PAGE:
Digital textile printing needn't look digital, it's simply a process by which a piece of artwork is printed onto cloth using a digital printing machine. Age of Reason artwork is all done by hand; the quirks and imperfections are deliberately left in the final print. Other brands who use the same digital printing process as Age of Reason include Erdem, House of Hackney, Athena Procopiou, Silken Favours, Liberty London, Emma J Shipley, Mary Krantzou, and Temperley London.
A vibrant digitally printed scarf uses hand painted and photographic elements.
Apart from yielding stunning results, digital textile printing is a positive choice because it uses less water and chemicals than most other printing methods. Few people realise that traditional printing and dyeing methods like Batik, wax resist, tie-dye and mud resist and screen printing use an enormous amount of dye and water. But rather than feel depressed about it, we hope you'll feel empowered, informed and have fun seeking out more sustainable choices.
Ali was inspired by the cloth dyers in Marrakech
One of the worlds most beautiful, ancient dyes - natural indigo is harmless, but the process used to make it adhere to fabric is toxic. Indigo binds externally to the cloth's threads, helped by a highly poisonous chemical agent called a mordant. It sounds like bad news for buying denim, but the good news is that brands like AG Jeans, are using a more sustainable ozone technology to make great jeans in Los Angeles- and the results are great.
Indigo is harmless on it's own- but it won't stick to fabric without toxic mordant
Ali grew up in the African mountain kingdom of Lesotho, where some of the world's most famous denim brands dye cloth near some of the world's most beautiful rivers and mountains. Sadly the environment and people have been very badly affected by water pollution. Some villages have lost their only source of clean water.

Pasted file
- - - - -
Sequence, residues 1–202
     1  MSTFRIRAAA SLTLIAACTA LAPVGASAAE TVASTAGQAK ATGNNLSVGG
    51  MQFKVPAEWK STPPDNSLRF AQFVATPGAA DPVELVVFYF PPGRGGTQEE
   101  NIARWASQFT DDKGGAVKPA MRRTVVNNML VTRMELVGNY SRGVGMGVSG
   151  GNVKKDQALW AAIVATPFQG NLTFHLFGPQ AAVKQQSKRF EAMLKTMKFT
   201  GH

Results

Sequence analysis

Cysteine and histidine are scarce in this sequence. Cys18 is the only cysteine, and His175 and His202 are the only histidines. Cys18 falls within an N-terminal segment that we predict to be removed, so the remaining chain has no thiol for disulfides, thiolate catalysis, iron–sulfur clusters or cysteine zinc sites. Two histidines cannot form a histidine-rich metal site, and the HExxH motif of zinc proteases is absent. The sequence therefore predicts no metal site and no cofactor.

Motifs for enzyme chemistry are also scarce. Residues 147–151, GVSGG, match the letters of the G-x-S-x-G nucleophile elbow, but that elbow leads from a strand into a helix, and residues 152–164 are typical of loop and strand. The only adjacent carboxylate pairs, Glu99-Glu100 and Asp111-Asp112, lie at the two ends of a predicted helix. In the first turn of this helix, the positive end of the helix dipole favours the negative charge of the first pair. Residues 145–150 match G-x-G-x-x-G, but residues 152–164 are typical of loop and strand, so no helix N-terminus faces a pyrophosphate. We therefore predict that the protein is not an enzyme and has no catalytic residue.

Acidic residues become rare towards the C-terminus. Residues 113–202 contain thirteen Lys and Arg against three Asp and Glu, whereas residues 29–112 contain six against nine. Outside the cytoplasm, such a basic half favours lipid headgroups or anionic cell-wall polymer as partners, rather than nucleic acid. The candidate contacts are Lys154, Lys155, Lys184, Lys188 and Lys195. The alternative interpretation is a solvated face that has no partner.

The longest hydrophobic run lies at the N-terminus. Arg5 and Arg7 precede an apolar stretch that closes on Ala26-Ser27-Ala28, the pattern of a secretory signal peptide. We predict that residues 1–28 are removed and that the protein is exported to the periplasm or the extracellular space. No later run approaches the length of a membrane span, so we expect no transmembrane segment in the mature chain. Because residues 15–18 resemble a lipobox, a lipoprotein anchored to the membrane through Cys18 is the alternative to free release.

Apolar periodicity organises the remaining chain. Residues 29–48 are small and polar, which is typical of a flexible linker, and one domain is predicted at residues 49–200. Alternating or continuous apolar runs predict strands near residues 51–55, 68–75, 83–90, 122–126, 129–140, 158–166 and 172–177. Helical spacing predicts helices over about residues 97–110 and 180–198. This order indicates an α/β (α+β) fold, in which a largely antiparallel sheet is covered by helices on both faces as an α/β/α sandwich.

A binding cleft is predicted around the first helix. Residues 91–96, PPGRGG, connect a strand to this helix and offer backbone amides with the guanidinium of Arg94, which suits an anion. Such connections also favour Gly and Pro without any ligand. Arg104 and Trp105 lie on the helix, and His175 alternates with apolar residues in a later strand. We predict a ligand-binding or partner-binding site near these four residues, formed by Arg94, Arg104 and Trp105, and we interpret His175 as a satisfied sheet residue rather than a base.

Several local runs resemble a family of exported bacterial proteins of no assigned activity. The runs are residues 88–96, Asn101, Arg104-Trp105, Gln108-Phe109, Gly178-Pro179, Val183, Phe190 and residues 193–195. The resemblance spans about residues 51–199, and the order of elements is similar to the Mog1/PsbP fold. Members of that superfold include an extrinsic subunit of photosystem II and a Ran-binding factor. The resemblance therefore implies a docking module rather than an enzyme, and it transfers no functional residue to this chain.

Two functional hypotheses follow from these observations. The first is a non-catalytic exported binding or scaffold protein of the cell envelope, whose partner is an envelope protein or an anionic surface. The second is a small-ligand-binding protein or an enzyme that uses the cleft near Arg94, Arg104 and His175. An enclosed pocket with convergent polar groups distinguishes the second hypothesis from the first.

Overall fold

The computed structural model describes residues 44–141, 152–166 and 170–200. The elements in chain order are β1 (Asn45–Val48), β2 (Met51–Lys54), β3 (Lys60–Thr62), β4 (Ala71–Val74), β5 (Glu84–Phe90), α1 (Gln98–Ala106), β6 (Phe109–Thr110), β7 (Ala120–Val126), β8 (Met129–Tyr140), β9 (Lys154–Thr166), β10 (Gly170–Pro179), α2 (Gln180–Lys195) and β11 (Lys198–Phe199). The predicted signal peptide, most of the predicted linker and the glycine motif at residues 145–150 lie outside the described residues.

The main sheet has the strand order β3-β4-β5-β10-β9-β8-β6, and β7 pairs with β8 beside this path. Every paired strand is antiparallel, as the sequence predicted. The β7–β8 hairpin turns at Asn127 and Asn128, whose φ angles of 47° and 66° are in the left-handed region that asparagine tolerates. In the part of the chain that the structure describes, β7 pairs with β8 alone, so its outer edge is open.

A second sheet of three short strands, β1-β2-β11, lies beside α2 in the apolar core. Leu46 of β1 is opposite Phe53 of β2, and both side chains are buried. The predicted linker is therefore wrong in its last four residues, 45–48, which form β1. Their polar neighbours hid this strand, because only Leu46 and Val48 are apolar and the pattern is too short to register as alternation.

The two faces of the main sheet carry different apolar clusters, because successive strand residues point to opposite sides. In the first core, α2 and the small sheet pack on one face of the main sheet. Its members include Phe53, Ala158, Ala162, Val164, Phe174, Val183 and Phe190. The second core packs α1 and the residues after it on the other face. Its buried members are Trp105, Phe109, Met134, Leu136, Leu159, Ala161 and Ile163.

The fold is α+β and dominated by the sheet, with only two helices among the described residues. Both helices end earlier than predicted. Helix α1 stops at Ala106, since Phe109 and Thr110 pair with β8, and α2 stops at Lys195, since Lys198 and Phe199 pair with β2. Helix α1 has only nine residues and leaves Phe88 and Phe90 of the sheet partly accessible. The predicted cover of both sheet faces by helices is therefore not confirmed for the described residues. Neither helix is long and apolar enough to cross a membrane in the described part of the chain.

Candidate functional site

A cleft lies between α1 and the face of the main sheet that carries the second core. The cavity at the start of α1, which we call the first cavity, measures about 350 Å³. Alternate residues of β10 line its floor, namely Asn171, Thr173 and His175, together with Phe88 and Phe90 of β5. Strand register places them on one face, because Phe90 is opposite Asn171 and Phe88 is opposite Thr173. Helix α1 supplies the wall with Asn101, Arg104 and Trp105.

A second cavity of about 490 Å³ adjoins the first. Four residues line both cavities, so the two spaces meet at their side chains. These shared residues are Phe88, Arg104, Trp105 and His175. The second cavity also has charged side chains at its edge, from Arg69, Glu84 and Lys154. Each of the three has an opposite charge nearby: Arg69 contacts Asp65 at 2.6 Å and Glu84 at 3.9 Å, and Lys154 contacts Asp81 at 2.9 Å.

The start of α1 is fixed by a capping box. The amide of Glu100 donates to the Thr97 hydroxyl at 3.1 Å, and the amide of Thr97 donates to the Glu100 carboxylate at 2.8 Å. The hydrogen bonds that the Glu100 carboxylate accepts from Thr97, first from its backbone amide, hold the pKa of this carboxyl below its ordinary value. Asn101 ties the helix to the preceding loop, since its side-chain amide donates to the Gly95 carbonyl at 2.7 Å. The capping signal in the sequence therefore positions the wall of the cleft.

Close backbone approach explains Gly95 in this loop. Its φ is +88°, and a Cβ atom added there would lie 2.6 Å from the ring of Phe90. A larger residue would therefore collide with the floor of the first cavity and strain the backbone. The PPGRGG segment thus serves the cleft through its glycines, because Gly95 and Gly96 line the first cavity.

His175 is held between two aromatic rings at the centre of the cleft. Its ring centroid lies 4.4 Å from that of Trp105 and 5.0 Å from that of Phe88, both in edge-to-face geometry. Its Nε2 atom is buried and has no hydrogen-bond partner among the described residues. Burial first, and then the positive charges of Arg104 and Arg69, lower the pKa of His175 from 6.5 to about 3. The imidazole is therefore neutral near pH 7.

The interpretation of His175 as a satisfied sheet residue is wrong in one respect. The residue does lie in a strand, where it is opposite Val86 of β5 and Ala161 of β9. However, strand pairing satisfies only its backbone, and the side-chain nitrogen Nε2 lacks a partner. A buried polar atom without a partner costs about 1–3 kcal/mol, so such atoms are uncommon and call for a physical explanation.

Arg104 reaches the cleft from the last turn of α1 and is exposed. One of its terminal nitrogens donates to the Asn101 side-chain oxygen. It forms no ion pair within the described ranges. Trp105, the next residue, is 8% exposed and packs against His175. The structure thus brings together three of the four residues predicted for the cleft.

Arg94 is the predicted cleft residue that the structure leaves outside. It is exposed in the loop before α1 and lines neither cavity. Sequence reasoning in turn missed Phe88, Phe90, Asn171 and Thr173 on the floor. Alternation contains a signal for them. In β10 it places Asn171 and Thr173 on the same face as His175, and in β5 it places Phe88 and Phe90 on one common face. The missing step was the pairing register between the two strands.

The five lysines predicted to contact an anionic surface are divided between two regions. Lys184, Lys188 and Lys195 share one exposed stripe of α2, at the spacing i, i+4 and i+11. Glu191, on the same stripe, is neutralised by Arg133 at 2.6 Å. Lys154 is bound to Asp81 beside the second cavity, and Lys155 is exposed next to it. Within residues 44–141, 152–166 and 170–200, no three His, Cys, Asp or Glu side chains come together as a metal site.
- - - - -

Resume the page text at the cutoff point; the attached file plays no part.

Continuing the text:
The mountain kingdom of Lesotho is home to the source of the Orange River
In the global fashion market it's very difficult to know which manufacturers are working responsibly. A staggering 893 cloth dying and printing businesses were recently closed in Rajasthan, India because their untreated water was flowing directly into rivers. By contrast traditional Indian block printing is still relatively eco-friendly because it uses very little dye. Brands like Good Earth India and Sarah Waterhouse use this more sustainable method to make beautiful homewares.
Block printing is beautiful and uses less water than many traditional methods
So how do we make the right choice about print? There's no simple answer, but a good place to start would be to buy digital print, or when buying traditional Asian print, seek out block printed fabric, or look for brands with safe accreditation marks. Some key marks to look out for internationally are Fair Trade, Soil Association and Global Organic Textile Standards. We hope you enjoy seeking out some more eco-friendly choices!
You can find out a bit more about how we make our scarves, cushions and clothing, including our British Made pieces HERE. If you'd like to know more, please get in touch here or on social media using the links below.